Ahh yes, Thankgiving is a huge thing for us,


05-15-2007, 06:11 AM
Oh Kendra, your Thanksgiving sounds sooooooooo wonderful! :hop: I could almost imagine myself there with your family as I read your post! :hcry: Lovely, thank you :clap: :kiss:

Angela Paige
05-15-2007, 07:07 AM
Many families watch the Macy's Thanksgiving Day parade on television in the morning(don't ask where in the world that tradition came from)

Actually, the Macy's parade has a pretty interesting history! We read a bit about that this past Thanksgiving. I'm not a faithful watcher, though we did watch this past year.

My family doesn't do the traditional American Thanksgiving dinner. Growing up, my grandparents hosted a Thanksgiving Breakfast. It started when their children began to marry and it was hard for them to find a time that was suitable for every one to come. What worked for one child didn't work for the other. So, they decided to start hosting a breakfast because everyone was free then. :D

My grandparents had an old recreation building behind their house that was heated by a large fireplace and a wood burning stove. It was large enough to hold lots of people. That's where they did the breakfast. Much fo the meal was cooked on the woodburning stove: grits, scrambled eggs, biscuits, etc. There was also turkey and ham, fruit salad, donuts, breakfast casseroles and the like. Hot coffee and hot chocolate, orange juice, and milk were set out to drink.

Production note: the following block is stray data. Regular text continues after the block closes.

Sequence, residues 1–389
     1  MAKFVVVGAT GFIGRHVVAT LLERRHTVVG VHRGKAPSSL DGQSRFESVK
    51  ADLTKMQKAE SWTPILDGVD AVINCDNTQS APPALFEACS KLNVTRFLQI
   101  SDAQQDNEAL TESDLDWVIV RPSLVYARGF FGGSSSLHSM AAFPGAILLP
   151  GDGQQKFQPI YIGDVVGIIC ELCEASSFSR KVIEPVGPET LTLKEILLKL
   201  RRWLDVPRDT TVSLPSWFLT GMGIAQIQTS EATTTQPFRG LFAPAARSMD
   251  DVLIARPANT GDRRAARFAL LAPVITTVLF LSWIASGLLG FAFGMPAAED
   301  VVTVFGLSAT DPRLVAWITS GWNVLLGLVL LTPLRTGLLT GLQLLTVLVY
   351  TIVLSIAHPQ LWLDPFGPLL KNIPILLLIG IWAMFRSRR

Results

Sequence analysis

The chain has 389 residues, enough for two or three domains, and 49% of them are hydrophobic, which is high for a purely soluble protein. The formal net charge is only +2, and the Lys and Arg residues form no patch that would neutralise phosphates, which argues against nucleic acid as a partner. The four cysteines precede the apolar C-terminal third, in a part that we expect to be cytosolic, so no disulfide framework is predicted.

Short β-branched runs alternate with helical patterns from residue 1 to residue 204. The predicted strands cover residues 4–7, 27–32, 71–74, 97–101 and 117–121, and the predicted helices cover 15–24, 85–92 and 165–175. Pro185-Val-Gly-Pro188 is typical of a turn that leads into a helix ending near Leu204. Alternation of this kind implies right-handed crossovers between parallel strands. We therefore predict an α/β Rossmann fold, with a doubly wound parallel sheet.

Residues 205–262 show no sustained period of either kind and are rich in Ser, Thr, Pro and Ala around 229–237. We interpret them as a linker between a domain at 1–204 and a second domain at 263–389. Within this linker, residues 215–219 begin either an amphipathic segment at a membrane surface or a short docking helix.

My grandfather and grandmother loved to invite others to join our family. Several years, they hosted 75+ folks for Thanksgiving Breakfast. Breakfast was early (about 7 am), so I remember getting up at the crack of dawn to go help cook. Tables were set up outside and we all ate in the chilly morning air.

My dh and I have a hard time making it back for Thanksgiving each year. He doesn't have enough time off for us to travel that far. :( So, we do our own mini-version of the breakfast. I always invite people to join us, though I've never hosted 75!

As for traditional turkey and stuffing ... we used to do that as well, since my dh's family always ate that. However, one year our oven was broken at Thanksgiving and I ended up making shrimp etouffe instead as it could be done totally on the stove top. My dh has requested that I make that every Thanksgiving since. I usually do a much smaller turkey/stuffing meal over the Thanksgiving weekend, so we do get to partake of all the traditional foods as well.

This past year, I put 5 kernals of corn on each of our plates. That was to remind us of how little food the Pilgrims had. Then we each told 5 things we were thankful for before serving our plates. We plan to keep this tradition up. I've also done a thankful tree before ... we did it on the wall and added colorful construction paper leaves on which we had written something we were thankful for each day in November.